All of this comes at a time of flux for the FA and its television rights for international and FA Cup football. There can be little doubt that the prestige – or what there was of it – of the England national team and of the FA Cup has taken some serious knocks in recent years, and this, along with savage cuts forced upon the BBC by the new government have meant a less competitive television rights sales markets. Commercial broadcasters ITV and ESPN have found the market considerably less competitive of late than in recent years and have cashed in accordingly – ITV managed a 25 per cent reduction in their new contract with the FA and the governing body – with Wembley still not paid for and its products on the wane – can hardly be described as being in a strong negotiating position.
If this makes it sound ITV is in a strong position, then this could also be misleading. If the future of television lays somewhere between on demand services and pay tv, then ITV continues to be something of a reluctance of the past. It has no serious challengers for free to air broadcasting rights – the BBC remains enfeeble, Channel Four has shown precious little interest in covering the game since the Football Italia days of the 1990s, and Channel Five’s pockets don’t seem deep enough to launch a serious challenge for television rights that any other broadcaster would want to fight over – so we can probably expect it to continue to profit and irritate in equal measures with its Champions League, FA Cup and international coverage for the time being, at least.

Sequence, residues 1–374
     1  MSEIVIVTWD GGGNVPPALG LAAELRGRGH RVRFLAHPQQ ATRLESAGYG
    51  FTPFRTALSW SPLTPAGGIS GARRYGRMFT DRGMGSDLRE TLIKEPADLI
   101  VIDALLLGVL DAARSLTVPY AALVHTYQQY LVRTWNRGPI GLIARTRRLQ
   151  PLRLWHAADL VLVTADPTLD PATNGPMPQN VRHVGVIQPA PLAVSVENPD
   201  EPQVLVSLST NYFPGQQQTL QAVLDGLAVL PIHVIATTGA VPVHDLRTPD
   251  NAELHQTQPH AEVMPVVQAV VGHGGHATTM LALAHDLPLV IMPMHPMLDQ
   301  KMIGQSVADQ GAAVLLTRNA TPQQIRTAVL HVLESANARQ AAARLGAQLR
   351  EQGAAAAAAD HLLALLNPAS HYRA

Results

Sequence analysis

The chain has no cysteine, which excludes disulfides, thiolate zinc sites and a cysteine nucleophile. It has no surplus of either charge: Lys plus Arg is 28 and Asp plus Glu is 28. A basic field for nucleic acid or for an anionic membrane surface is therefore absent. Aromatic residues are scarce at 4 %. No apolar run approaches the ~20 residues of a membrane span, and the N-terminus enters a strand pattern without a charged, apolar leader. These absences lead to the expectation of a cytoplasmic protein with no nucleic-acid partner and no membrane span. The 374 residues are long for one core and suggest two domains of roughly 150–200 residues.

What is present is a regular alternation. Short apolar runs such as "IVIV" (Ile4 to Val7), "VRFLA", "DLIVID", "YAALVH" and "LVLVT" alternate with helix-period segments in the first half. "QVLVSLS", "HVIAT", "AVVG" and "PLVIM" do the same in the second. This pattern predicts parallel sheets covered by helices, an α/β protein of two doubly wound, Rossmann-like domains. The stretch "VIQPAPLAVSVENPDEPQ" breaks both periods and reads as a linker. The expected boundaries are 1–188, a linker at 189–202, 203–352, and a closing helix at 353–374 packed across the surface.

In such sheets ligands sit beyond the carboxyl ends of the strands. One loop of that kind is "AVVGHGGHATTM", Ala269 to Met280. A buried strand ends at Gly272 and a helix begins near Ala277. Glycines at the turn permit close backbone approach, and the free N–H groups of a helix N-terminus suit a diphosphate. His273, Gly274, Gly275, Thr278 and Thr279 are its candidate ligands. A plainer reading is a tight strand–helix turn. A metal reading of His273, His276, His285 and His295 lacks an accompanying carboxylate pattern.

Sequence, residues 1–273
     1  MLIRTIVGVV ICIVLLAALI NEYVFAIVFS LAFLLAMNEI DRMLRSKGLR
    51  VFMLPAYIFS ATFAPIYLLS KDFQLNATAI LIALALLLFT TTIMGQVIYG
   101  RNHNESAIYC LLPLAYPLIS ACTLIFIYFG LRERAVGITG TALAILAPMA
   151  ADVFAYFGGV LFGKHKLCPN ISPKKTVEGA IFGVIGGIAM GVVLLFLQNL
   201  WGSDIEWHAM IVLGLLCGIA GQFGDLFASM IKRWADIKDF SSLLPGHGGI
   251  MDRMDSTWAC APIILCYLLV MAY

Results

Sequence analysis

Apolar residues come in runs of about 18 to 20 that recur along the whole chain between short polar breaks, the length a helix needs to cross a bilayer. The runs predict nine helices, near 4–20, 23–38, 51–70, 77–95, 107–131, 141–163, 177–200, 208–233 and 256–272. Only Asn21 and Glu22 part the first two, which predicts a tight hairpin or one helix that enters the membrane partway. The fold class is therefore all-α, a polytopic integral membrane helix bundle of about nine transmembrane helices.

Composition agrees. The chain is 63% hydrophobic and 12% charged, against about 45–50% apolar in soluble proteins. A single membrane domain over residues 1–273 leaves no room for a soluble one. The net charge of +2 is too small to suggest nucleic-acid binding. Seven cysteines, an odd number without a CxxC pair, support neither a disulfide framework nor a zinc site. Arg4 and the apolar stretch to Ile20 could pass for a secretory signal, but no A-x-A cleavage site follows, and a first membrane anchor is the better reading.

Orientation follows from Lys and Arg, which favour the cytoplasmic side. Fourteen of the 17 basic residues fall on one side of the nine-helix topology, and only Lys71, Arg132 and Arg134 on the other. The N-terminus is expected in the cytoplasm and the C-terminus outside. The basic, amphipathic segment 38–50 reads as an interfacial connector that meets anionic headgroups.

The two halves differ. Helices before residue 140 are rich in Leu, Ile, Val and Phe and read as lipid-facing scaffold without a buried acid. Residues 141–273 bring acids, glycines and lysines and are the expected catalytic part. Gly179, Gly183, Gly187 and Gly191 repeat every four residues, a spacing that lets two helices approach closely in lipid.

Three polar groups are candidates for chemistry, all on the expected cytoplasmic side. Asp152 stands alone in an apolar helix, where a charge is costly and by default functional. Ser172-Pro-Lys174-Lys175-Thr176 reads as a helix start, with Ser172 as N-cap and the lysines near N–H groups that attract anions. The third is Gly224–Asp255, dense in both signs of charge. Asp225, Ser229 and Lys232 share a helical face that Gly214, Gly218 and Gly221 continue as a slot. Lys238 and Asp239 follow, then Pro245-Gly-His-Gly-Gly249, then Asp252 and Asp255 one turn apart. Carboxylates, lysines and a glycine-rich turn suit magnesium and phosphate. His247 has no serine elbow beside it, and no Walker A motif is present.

And herein lies the crux of the FA’s problem. Its signature dishes – England international matches and the FA Cup – are both in state of decline and it is dependent on a market – television – which is in decline up to a point, while the lion’s share of the revenue that is still being thrown at the sport is now being thrown at the Premier League and the Champions League, and all of this comes in ten years that has seen the governing body spend a frankly mind-boggling amount of money on a new stadium. This has already led to a cut in FA Cup prize money which has arguably already affected lower division clubs, and perhaps now the time is right to break with outmoded, traditionalist ideas to breathe new life into the world’s oldest cup competition for the twenty-first century. The alternative is the continuing decline of the competition, and that would be an ongoing tragedy for English football as we understand it.